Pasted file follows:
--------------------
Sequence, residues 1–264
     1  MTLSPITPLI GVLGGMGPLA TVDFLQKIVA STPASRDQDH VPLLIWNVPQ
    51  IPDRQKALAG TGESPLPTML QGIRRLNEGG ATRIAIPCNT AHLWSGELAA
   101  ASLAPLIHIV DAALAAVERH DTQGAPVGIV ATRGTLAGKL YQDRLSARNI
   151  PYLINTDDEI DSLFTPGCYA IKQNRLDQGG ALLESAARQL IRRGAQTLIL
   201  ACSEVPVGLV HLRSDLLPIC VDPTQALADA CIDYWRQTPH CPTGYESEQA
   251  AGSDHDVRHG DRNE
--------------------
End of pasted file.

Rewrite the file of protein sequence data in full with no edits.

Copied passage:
Sequence, residues 1–264
     1  MTLSPITPLI GVLGGMGPLA TVDFLQKIVA STPASRDQDH VPLLIWNVPQ
    51  IPDRQKALAG TGESPLPTML QGIRRLNEGG ATRIAIPCNT AHLWSGELAA
   101  ASLAPLIHIV DAALAAVERH DTQGAPVGIV ATRGTLAGKL YQDRLSARNI
   151  PYLINTDDEI DSLFTPGCYA IKQNRLDQGG ALLESAARQL IRRGAQTLIL
   201  ACSEVPVGLV HLRSDLLPIC VDPTQALADA CIDYWRQTPH CPTGYESEQA
   251  AGSDHDVRHG DRNE